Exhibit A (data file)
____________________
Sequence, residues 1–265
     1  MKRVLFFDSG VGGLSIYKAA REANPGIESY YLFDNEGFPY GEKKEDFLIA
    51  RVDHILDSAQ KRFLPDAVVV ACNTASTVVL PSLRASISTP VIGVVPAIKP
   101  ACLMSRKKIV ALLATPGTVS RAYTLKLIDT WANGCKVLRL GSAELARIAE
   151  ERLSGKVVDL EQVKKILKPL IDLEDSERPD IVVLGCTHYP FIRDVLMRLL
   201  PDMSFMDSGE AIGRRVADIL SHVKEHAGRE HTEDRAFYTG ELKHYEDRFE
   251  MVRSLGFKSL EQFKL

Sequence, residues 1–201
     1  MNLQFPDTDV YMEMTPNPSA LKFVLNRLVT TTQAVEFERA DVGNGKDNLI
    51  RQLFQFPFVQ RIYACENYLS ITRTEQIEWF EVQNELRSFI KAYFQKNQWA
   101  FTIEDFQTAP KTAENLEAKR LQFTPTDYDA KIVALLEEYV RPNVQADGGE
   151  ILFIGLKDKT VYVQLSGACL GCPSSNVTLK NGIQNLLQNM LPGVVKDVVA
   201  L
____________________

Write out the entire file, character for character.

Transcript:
Sequence, residues 1–265
     1  MKRVLFFDSG VGGLSIYKAA REANPGIESY YLFDNEGFPY GEKKEDFLIA
    51  RVDHILDSAQ KRFLPDAVVV ACNTASTVVL PSLRASISTP VIGVVPAIKP
   101  ACLMSRKKIV ALLATPGTVS RAYTLKLIDT WANGCKVLRL GSAELARIAE
   151  ERLSGKVVDL EQVKKILKPL IDLEDSERPD IVVLGCTHYP FIRDVLMRLL
   201  PDMSFMDSGE AIGRRVADIL SHVKEHAGRE HTEDRAFYTG ELKHYEDRFE
   251  MVRSLGFKSL EQFKL

Sequence, residues 1–201
     1  MNLQFPDTDV YMEMTPNPSA LKFVLNRLVT TTQAVEFERA DVGNGKDNLI
    51  RQLFQFPFVQ RIYACENYLS ITRTEQIEWF EVQNELRSFI KAYFQKNQWA
   101  FTIEDFQTAP KTAENLEAKR LQFTPTDYDA KIVALLEEYV RPNVQADGGE
   151  ILFIGLKDKT VYVQLSGACL GCPSSNVTLK NGIQNLLQNM LPGVVKDVVA
   201  L